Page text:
The word "Morbid" is used in a medical context. It indicates that your degree of overweight (80 pounds for females, 100 pounds for males) is commonly associated with other weight-related (co-morbid) life-threatening illnesses, e.g., diabetes, hypertension, degenerative arthritis, etc.
Obesity occurs when you eat more food than is required to take care of your body's energy needs. The excess food is stored as fat. There are several other factors that play a role in obesity:
People vary in how efficiently their bodies' store fat. The ease with which foods are converted into fat and stored in the body is an inherited trait. While hereditary traits alone do not normally make a person obese, they can be extremely important factors in the overall picture.
Lack of Exercise
People who have poor exercise and activity patterns are much more prone to suffer from obesity. Daily exercise helps build muscle, uses stored calories and helps control excessive appetite by increasing feelings of well-being.
Improper Eating Habits
Obese people, particularly those whose close relatives are obese, almost always have improper eating habits in addition to a genetic predisposition towards obesity. Diets that are high in fat, are improperly balanced or too generous, contribute greatly to the cause of obesity. Dietary habits are learned habits. Part of the cure for obesity is changing poor dietary habits.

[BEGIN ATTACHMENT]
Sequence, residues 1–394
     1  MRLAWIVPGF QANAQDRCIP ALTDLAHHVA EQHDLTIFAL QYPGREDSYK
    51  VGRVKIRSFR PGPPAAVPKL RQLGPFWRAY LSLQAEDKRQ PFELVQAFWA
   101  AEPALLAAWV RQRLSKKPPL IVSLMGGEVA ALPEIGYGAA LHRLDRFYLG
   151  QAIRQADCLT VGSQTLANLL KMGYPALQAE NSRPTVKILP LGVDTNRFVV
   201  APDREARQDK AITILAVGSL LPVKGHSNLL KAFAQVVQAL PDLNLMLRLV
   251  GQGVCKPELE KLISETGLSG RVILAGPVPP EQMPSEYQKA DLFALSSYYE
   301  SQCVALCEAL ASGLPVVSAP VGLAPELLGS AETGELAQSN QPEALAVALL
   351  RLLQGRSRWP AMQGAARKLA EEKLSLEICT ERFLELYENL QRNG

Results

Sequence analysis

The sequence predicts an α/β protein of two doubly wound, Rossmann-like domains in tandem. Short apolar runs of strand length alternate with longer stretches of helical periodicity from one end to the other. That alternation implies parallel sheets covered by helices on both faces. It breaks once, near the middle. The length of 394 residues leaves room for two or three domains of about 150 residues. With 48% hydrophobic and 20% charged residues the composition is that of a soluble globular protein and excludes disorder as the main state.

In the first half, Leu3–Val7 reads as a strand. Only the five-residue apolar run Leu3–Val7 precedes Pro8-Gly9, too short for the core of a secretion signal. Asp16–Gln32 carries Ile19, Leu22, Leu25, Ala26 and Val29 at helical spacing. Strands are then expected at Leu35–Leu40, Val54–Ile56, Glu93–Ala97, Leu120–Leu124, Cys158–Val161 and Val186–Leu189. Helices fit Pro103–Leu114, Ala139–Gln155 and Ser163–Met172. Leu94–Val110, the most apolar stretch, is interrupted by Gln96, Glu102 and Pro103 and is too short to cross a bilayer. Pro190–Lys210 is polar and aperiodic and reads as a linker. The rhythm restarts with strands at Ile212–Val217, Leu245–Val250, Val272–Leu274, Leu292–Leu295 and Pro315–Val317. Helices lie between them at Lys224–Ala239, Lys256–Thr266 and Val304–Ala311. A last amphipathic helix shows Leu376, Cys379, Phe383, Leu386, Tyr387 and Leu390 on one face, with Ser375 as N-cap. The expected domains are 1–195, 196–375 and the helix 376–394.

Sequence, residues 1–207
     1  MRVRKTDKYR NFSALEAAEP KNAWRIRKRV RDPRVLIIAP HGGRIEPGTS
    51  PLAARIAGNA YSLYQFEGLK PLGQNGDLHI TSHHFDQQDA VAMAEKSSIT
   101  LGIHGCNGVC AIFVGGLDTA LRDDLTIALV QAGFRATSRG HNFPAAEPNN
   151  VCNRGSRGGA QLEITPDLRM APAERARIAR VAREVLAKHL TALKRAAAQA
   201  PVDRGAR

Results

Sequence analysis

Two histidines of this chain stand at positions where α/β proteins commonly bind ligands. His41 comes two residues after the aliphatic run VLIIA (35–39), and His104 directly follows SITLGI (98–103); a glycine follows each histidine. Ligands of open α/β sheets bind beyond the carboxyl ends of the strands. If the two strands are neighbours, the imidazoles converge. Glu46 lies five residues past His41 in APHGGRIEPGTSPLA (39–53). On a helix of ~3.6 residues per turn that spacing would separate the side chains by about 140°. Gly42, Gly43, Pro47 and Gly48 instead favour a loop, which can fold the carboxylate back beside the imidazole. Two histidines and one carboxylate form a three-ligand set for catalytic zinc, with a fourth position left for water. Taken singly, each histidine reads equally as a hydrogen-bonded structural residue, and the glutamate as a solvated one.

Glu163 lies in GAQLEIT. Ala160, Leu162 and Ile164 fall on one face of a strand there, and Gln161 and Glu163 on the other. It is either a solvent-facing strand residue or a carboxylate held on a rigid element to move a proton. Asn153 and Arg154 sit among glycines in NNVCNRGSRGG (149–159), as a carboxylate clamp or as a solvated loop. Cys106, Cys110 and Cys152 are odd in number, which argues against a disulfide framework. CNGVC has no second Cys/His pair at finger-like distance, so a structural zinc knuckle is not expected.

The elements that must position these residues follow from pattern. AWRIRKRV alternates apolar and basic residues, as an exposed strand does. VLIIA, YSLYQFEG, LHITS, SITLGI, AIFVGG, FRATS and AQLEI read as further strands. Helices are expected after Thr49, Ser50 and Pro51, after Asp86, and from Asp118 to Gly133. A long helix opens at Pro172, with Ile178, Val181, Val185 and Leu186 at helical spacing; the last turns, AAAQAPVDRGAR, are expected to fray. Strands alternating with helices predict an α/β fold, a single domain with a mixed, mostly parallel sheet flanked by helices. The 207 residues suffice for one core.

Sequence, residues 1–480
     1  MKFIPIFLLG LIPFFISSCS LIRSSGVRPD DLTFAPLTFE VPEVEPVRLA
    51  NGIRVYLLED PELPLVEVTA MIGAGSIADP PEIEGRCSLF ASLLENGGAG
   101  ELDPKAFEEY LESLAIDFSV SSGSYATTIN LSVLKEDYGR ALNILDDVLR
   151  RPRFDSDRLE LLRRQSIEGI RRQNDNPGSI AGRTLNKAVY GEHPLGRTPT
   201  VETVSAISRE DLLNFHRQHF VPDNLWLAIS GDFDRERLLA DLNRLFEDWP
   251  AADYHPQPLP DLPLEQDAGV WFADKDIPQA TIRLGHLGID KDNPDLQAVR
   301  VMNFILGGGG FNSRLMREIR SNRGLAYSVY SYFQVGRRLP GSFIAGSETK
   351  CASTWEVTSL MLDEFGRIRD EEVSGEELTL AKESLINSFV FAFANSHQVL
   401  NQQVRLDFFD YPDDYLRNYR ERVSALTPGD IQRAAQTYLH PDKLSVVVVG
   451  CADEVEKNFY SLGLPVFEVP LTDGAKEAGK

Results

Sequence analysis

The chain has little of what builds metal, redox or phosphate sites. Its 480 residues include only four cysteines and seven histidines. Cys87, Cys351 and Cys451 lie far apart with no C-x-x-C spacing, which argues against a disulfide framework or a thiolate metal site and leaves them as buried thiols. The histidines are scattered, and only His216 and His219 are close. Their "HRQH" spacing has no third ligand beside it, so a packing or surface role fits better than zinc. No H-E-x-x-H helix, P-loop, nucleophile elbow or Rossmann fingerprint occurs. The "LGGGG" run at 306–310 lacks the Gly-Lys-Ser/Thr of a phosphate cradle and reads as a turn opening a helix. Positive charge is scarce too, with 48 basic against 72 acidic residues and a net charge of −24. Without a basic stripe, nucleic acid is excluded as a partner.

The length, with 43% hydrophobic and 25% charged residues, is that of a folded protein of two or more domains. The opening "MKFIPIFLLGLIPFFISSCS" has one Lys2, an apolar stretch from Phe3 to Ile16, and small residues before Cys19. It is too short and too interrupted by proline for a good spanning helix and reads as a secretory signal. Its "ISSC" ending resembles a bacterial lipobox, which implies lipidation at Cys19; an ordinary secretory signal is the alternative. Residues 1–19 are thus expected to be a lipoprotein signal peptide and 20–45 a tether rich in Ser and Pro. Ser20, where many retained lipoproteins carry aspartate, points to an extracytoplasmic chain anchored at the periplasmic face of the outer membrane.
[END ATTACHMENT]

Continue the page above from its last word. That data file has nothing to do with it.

Feelings of inadequacy, worthlessness and stress often cause people to turn to food for comfort. Obesity, particularly morbid obesity, can cause and aggravate those feelings. Rejection, occupational discrimination, and embarrassment about personal appearance increase the level of these feelings, even more. A vicious cycle is formed. Overeating to find comfort from emotions causes obesity. Uncomfortable emotions are increased by obesity, thereby, resulting in an increased tendency to over-eat.